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An MTR test is a broad-spectrum diagnostic tool that can help identify where connections are faltering, or failing. It can also help identify what's causing your connection to fail. Please note that MTR tests can only be run on Windows, MacOS, or Linux. However, as the test being done is to assess your network, not the specific device itself. Please note the device used to run the test is not relevant to the result. Also, please ensure you run the test while using the specific ISP network that you're experiencing issues with at the time. 

Things to Note:

  • To get a good sample size it is advised to run the MTR for at least 5-10 minutes, which will send out approximately 300-600 packets.
  • Packet loss is frequently a sign of ICMP Deprioritization.
  • The MTR needs to run from BOTH ends of the connection. Since TCP traffic is two-way, the issue could be on either the TO or the FROM route.

How to Install an MTR tool: 


Run the following syntax in your terminal in accordance to the appropriate Operating System you're running.


apt update && apt upgrade

apt install mtr-tiny


yum update

yum install mtr


For Windows Operating Systems, you can use WinMTR which is a port of MTR.


There are two different ways to download MTR on your Mac whether you are using HomeBrew or MacPorts.

For HomeBrew use the syntax below:

brew install mtr

For MacPorts use the syntax below: 

port install mtr

Running an MTR:

For Windows based MTR's using WinMTR, you can use the native GUI that is available and start an MTR through there. 

For Unix based systems, you can use the syntax

mtr -rw [destination_host]

Or you also follow the MTR Options List found below for further diagnostic preferences and help: 


-h --helpPrint the summary of command line argument options.
-v --versionPrint the installed version of mtr.
-r --reportThis option puts mtr into report mode. When in this mode, mtr will run for the number of cycles specified by the -c option, and then print statistics and exit.

This mode is useful for generating statistics about network quality. Note that each running instance of mtr generates a significant amount of network traffic. Using mtr to measure the quality of your network may result in decreased network performance.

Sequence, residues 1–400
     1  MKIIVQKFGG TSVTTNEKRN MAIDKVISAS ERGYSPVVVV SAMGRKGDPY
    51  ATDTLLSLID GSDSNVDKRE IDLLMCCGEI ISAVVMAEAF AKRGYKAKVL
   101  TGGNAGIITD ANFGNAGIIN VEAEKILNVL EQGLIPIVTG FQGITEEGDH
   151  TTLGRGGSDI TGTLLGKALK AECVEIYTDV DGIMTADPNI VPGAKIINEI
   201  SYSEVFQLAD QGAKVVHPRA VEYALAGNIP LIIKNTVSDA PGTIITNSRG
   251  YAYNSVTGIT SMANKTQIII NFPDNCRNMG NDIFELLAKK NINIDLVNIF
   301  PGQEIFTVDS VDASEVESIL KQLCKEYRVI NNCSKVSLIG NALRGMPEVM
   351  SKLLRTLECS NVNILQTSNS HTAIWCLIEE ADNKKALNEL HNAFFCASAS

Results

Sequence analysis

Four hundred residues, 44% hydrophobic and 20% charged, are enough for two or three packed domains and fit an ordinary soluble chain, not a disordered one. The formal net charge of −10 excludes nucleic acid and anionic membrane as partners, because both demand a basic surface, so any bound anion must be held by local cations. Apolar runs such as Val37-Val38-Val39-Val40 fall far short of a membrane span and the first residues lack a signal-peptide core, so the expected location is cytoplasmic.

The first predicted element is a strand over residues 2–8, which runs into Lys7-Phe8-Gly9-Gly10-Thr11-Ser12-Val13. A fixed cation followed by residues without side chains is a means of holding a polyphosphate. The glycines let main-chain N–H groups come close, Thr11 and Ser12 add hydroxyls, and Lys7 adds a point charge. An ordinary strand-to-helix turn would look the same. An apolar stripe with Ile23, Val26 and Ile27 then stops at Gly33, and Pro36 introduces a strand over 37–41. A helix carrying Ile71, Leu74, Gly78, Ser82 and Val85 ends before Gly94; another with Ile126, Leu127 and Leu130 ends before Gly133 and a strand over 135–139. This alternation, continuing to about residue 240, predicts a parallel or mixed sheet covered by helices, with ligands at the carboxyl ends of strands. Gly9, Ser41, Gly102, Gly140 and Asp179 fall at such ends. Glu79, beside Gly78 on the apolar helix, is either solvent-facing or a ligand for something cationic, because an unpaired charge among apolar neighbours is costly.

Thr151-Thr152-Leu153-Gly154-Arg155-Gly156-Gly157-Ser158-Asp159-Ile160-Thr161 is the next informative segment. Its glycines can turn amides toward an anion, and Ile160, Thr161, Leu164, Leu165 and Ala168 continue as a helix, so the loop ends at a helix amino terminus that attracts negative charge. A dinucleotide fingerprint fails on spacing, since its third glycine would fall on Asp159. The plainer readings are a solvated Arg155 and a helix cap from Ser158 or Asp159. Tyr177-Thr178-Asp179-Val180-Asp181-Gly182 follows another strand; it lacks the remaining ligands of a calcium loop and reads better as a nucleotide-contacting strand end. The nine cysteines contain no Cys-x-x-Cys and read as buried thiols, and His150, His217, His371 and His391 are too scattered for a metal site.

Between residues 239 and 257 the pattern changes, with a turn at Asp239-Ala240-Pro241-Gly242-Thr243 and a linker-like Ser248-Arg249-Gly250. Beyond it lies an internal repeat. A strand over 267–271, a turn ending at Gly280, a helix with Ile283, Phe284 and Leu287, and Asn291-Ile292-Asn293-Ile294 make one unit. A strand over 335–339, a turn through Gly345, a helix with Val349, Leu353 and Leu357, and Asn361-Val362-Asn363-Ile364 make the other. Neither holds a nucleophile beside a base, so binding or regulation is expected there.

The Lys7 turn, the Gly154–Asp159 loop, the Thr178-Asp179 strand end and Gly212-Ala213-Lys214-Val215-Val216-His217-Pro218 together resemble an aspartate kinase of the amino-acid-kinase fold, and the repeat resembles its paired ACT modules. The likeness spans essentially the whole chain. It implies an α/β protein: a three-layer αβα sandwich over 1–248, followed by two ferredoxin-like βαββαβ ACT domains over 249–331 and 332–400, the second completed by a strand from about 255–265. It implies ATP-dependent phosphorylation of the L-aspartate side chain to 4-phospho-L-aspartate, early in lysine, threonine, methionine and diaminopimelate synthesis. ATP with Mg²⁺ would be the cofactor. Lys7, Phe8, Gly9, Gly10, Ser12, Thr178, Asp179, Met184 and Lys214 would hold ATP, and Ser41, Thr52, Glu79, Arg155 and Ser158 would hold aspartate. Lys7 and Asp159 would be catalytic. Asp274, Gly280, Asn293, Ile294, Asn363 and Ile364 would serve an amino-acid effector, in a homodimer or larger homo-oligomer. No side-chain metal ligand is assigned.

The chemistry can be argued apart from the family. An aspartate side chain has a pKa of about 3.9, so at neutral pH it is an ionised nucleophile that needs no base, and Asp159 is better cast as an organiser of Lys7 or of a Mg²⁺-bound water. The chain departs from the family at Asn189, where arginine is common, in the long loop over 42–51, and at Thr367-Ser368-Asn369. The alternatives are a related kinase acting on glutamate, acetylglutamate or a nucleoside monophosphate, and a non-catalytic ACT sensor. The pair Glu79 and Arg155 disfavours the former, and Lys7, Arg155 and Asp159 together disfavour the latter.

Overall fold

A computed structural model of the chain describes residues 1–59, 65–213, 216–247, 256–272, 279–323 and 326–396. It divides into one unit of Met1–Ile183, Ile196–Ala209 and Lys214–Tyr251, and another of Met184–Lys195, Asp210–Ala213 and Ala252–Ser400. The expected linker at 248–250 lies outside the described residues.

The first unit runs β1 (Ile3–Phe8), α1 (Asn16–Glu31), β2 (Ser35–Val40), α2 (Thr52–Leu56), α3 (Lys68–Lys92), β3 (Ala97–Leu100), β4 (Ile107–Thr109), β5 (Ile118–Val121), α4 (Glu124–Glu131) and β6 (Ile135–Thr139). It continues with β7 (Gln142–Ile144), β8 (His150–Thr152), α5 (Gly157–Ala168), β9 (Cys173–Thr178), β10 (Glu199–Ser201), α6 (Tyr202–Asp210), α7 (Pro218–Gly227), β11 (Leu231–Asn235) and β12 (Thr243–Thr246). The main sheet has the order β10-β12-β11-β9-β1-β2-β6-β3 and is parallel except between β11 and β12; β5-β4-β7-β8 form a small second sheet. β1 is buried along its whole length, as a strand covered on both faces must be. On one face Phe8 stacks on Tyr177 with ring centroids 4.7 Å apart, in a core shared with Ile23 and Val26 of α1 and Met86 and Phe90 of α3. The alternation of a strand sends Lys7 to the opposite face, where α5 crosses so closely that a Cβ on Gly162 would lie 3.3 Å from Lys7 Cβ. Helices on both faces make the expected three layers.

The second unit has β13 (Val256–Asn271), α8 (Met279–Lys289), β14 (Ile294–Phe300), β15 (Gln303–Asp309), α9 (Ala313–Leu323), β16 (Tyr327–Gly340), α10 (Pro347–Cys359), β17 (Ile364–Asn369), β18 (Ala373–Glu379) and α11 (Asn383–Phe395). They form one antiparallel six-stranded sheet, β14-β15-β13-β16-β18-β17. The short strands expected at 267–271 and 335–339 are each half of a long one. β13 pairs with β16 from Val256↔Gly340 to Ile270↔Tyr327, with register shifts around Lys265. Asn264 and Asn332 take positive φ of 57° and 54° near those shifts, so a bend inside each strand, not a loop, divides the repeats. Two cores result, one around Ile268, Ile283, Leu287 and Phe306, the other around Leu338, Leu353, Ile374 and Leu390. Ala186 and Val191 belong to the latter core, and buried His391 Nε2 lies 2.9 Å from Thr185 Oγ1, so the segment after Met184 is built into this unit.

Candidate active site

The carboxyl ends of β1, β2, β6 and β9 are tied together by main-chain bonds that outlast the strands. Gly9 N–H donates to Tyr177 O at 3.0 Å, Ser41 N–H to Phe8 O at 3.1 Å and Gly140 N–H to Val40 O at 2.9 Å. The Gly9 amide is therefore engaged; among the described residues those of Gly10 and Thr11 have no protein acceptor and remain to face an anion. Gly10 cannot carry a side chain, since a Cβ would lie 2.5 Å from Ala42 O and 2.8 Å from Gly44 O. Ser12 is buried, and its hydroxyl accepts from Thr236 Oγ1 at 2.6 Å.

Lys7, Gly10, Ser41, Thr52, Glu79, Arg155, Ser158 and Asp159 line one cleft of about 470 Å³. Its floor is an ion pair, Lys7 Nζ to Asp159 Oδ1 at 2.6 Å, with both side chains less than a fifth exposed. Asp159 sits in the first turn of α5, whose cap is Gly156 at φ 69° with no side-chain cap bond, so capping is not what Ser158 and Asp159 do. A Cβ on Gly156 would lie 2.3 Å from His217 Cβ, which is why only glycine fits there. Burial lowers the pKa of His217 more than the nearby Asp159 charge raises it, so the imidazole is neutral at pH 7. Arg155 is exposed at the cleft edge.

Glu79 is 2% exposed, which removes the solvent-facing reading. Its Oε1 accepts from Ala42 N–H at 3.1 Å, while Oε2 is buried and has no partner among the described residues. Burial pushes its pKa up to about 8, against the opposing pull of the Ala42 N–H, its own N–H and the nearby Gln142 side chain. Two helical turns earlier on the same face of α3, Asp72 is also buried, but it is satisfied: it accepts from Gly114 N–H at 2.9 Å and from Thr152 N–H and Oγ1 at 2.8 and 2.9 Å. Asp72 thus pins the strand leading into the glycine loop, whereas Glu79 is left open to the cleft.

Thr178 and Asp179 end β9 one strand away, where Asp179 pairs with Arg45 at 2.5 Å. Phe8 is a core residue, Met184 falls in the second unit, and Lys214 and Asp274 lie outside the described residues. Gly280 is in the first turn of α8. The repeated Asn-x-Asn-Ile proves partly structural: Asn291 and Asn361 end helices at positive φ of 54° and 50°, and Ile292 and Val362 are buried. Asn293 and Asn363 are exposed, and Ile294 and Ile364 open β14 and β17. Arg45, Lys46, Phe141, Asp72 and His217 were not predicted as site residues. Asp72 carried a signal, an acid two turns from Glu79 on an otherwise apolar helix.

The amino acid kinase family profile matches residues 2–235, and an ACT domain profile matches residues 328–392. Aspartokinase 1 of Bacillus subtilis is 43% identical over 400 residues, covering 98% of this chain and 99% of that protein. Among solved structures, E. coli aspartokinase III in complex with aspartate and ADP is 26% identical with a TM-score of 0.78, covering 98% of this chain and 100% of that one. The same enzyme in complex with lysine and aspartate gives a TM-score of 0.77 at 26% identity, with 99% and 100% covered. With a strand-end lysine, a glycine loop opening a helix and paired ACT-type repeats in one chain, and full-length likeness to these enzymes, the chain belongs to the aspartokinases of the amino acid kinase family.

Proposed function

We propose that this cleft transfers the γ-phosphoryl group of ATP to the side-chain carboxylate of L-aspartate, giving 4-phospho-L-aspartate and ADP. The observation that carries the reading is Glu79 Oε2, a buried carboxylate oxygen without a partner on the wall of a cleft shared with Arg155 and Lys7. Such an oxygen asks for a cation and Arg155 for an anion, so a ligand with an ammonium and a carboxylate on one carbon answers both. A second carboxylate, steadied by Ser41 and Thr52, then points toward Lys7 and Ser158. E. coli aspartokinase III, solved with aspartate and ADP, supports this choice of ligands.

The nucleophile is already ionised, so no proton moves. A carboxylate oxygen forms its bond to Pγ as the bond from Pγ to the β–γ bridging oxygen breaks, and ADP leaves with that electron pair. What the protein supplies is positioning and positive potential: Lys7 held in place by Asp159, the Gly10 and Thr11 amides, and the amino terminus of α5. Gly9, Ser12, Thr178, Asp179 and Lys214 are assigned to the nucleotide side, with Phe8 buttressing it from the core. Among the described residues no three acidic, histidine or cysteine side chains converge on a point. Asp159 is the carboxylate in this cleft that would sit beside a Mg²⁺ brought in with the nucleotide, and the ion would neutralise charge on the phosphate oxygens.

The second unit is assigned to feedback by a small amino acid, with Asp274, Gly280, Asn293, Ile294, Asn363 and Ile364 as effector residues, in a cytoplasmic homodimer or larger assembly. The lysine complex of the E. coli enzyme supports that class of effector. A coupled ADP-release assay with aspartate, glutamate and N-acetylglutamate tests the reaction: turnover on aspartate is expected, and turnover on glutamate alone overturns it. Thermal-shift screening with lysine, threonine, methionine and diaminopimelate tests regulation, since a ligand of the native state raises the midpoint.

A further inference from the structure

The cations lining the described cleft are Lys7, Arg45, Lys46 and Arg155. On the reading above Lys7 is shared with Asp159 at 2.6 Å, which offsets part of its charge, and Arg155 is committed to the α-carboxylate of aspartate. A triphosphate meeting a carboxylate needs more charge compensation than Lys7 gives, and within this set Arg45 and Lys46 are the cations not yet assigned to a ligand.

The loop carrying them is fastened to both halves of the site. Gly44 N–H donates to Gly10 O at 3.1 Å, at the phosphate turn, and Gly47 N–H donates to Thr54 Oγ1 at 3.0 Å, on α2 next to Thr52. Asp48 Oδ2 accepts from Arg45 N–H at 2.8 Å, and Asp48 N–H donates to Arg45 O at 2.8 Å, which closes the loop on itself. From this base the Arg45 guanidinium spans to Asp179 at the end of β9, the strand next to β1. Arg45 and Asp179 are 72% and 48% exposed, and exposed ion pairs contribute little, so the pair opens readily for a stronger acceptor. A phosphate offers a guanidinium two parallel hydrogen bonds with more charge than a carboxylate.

-c COUNT --report-cycles COUNTUse this option to set the number of pings sent to determine both the machines on the network and the reliability of those machines. Each cycle lasts one second.
-s BYTES --psize BYTES PACKETSIZEThese options or a trailing PACKETSIZE on the commandline sets the packet size used for probing. It is in bytes inclusive IP and ICMP headers
-t --cursesUse this option to force mtr to use the curses based terminal interface (if available).
-n --no-dnsUse this option to force mtr to display numeric IP numbers and not try to resolve the host names.
-g --gtkUse this option to force mtr to use the GTK+ based X11 window interface (if available). GTK+ must have been available on the system when mtr was built for this to work. See the GTK+ web page at for more information about GTK+.
-p --splitUse this option to set mtr to spit out a format that is suitable for a split-user interface.
-l --rawUse this option to tell mtr to use the raw output format. This format is better suited for archival of the measurement results. It could be parsed to be presented into any of the other display methods.
-a IP.ADD.RE.SS --address IP.ADD.RE.SS

Use this option to bind outgoing packets’ socket to specific interface, so that any packet will be sent through this interface. NOTE that this option doesn’t apply to DNS requests (which could be and could not be what you want).
-i SECONDS --interval SECONDSUse this option to specify the positive number of seconds between ICMP ECHO requests. The default value for this parameter is one second.
-4Use IPv4 only.
-6Use IPv6 only.